Educational resources for teachers

Case of the month

The case of the month project provides high school teachers with some of the necessary tools to educate their students about the Wisconsin Supreme Court. Each month, during the Supreme Court's session, a "teachable" case will be highlighted. It will be chosen from the cases the Court will hear that month.

The case of the month includes a plain-English summary of the case and links to the briefs, Court of Appeals decision (if applicable), and the audio recording of the Court's oral argument. Educators and the public can sign up to receive e-mail notification when the Court issues its decision in a particular case. For past months cases check the case of the month archive.

This month's case - November 2018

Cacie M. Michels v. Keaton L. Lyons

Case number: 2017AP1142
Wisconsin Supreme Court
Oral argument: Wednesday, November 7, 2018, 9:45 a.m. (Audio)

Printable version Adobe PDF
Briefs Adobe PDF

Supreme Court case type: Certification
Court of Appeals: District III
Circuit Court: Chippewa County, Judge James M. Isaacson
Long caption:In the matter of the grandparental visitation of A. A. L.: In re the Paternity of A. A. L.: Cacie M. Michels, Petitioner-Appellant, v. Keaton L. Lyons, Respondent-Appellant, Jill R. Kelsey, Petitioner-Respondent.

Issues presented: This is an appeal, taken on certification from the Wisconsin Court of Appeals, District III (headquartered in Wausau). Cacie Michaels and Keaton Lyons, the parents of A.L., challenged an order of the Chippewa County Circuit Court (Judge James M. Isaacson, presiding) that granted visitation rights to Jill Kelsey, A.L.’s grandmother. Ms. Kelsey is Keaton Lyons’s mother.

Some background: Ms. Kelsey filed a petition in circuit court to compel her son, Lyons, and Michels to provide Ms. Kelsey with additional visitation time with A.L., including a one week Florida vacation. The circuit court granted Ms. Kelsey visitation one Sunday each month and for a seven day period each summer, with no restriction on where she could take the child.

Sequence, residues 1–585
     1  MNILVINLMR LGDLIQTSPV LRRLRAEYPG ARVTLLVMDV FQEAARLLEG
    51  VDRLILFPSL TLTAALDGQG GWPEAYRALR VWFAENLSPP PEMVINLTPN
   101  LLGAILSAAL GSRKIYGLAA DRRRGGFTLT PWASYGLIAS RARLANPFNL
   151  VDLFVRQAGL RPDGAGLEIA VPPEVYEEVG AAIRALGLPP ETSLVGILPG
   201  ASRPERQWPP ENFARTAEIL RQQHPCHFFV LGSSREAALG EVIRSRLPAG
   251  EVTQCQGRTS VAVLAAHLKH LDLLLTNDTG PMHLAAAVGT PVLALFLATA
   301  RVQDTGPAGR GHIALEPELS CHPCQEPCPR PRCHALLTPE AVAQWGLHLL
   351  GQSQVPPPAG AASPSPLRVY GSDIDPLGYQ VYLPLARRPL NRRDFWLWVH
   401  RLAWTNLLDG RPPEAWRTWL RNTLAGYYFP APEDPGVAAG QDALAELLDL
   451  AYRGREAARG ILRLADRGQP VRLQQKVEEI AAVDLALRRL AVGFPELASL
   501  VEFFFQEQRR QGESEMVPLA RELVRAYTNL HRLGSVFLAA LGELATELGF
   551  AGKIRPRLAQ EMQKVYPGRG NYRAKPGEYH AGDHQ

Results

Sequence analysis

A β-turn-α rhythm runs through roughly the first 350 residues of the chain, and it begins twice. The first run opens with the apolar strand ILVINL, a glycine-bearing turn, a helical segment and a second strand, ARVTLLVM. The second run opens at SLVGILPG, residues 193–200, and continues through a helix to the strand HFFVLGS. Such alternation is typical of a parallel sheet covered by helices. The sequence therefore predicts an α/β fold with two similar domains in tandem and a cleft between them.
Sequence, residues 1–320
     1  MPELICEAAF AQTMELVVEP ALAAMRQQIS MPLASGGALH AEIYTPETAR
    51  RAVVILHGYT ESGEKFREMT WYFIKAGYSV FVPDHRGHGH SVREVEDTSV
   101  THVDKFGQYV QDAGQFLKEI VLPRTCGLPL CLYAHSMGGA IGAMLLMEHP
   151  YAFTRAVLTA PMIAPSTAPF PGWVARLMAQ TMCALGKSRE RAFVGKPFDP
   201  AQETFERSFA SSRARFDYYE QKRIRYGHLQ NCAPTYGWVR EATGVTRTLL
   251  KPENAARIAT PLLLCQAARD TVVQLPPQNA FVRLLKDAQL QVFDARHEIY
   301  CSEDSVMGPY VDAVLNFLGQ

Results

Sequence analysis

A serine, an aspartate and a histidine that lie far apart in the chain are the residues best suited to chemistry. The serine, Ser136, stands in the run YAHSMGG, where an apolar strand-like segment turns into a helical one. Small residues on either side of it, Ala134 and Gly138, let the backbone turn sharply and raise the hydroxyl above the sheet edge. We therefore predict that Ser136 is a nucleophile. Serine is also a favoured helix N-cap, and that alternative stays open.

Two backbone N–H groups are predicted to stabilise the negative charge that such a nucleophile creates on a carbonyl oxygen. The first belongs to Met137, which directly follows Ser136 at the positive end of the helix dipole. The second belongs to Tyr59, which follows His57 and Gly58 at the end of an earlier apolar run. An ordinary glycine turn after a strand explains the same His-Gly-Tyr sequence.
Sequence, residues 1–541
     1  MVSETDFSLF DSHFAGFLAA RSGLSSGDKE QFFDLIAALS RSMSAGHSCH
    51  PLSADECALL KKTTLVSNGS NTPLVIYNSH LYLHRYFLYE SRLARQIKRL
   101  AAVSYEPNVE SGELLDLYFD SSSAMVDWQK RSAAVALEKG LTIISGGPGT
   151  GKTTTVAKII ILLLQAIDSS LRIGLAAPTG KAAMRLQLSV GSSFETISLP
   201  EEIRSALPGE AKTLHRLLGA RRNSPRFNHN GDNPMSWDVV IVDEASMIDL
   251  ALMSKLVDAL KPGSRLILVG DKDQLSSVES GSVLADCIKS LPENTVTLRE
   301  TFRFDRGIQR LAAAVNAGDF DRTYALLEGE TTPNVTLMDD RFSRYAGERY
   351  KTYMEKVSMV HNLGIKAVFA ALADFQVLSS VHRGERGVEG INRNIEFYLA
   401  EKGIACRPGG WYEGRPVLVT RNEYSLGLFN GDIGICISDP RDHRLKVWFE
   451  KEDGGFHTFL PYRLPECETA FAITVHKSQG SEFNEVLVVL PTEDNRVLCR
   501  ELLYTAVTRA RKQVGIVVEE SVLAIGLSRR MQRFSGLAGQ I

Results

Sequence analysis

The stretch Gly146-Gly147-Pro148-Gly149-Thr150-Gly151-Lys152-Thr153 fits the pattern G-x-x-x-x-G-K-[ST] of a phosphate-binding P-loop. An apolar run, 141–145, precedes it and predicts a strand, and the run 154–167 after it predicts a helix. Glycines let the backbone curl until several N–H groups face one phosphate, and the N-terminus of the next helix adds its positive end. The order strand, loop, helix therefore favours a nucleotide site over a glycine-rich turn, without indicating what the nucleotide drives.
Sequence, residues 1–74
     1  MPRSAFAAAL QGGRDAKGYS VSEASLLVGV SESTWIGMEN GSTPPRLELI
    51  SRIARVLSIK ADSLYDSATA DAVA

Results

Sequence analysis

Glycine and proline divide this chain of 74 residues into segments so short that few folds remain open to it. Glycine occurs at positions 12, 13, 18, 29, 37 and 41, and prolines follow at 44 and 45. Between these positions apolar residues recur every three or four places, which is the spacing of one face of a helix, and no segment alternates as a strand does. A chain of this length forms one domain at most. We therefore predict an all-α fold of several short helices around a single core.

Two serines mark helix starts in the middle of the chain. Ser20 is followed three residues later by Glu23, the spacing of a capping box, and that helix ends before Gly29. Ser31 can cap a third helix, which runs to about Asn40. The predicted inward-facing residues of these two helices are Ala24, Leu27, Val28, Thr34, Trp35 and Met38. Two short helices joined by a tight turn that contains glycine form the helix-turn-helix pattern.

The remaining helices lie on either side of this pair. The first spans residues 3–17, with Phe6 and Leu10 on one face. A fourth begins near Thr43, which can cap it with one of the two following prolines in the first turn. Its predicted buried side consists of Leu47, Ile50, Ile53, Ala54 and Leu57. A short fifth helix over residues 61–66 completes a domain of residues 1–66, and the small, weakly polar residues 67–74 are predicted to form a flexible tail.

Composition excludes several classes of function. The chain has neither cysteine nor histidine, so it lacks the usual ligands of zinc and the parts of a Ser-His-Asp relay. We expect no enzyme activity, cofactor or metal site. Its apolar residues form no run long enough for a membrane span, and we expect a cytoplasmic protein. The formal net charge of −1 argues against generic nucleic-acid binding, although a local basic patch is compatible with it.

Wis. Stat. § 767.43(3) provides that a court may grant reasonable visitation rights to a grandparent if: (1) the grandparent has maintained a relationship with the child or has attempted to maintain a relationship with the child but has been prevented from doing so by a parent who has legal custody of the child; (2) the grandparent is not likely to act in a manner that is contrary to decisions that are made by a parent who has legal custody of the child and that are related to the child’s physical, emotional, educational or spiritual welfare; and (3) the visitation is in the best interests of the child.

Lyons and Michels appealed, arguing that the visitation order violates the Fourteenth Amendment to the U.S. Constitution and Article I, § 1 of the Wisconsin Constitution. They argue that a court should only be able to order visitation under § 767.43(3) if there is a showing that failure to do so would harm the child. In the alternative, Lyons and Michel argue that, at an absolute minimum, the Supreme Court should find that a circuit court can order visitation only upon a showing, by clear and convincing evidence, that the parents’ visitation decision was wrong.

The following issues are presented for review:
1. Did the visitation order entered by the circuit court violate the Fourteenth Amendment to the United States Constitution and Art. I, Sec. 1 of the Wisconsin Constitution?
2. If not, did the circuit court nevertheless erroneously exercise its discretion by granting Ms. Kelsey grandparent visitation rights?

Back to top